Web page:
First published on 30 Mar 2012. Updated on 10 May 2012.
In Thomas Hardy’s 1891 novel Tess of the d’Urbervilles, a beautiful peasant girl is courted by a preacher, raped by an aristocrat and driven to despair. Roman Polanski cast the dewy Nastassja Kinski as Tess in his faithful 1980 adaptation, and Gemma Arterton played the part for the BBC in 2008. Now Slumdog Millionaire’s Freida Pinto slips into the role in Michael Winterbottom’s Trishna, which relocates the tragedy to modern-day Jaipur and Mumbai.
Not your typical UK costume drama, in other words. “No, it’s not, but it works perfectly,” says UK actor Riz Ahmed, who stars opposite Pinto as Jay, a would-be entrepreneur who falls for the lovely Trishna and employs her at his father’s hotel, but ultimately comes to resent her.
“Themes that were alive in Hardy’s time aren’t so relevant today in a western context, but they are in modern India," Ahmed says. "Conventional sexual morality really looked down on sex before marriage for women in the 19th century, and that’s still the case in rural India... Trishna and Jay find it impossible to connect because they’re defined by the world around them.”
It's Winterbottom's third Hardy adaptation; typically, the director mapped out scenes for the actors then let them improvise while the camera rolled. “You’re able to be there, be real, and serve up a slice of life rather than a performance with a capital P,” the actor explains.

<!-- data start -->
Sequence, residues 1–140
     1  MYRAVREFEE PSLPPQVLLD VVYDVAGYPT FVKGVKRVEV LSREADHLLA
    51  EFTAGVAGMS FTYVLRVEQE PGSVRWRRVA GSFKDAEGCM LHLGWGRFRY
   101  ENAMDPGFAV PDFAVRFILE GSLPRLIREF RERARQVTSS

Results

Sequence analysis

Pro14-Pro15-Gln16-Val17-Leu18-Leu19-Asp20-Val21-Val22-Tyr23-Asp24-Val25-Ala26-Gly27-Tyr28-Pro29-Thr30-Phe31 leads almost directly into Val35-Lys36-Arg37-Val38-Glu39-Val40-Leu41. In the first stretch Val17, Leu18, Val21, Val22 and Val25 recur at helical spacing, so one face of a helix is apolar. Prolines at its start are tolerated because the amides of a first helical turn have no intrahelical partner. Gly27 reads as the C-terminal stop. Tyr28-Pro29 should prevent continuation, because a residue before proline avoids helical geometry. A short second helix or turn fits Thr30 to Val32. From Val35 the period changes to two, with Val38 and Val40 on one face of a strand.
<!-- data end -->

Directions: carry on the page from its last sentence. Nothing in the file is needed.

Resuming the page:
Ahmed, 29, grew up in Wembley and began rapping in his teens before attending Oxford and training at London’s Central School of Speech and Drama. In 2006 he caused a stir with the Riz MC single ‘Post 9-11 Blues’ in which he memorably rapped: “Shave your beard if you’re brown and you’d best salute the crown/Or they’ll do you like Brazilians and shoot your arse down.”
On the same track he ruefully admitted that since 9-11 he had been getting plenty of work as an actor playing “terrorists on the telly”. And it was Ahmed’s starring role as the leader of a cell of idiotic would-be jihadists in Chris Morris’s excoriating Four Lions that has made him famous throughout the Muslim world.
“A lot of people expected an angry backlash but the opposite is true. It’s become the cult film among young Muslims, not just in the UK. I just did a film in Pakistan and Four Lions is huge with everyone from middle-class student stoners to back-alley, asylum-seeking Somalians. Everyone has seen it.”
Ahmed has worked with Winterbottom before, in 2006’s The Road to Guantanamo, playing one of three Britons abducted from Pakistan and detained and tortured by the US. Shooting Trishna opposite the ravishing Pinto was a much pleasanter experience, he says: “I didn’t wake up with fresh scars from shackles on my ankles every morning.”
Trishna opens May 10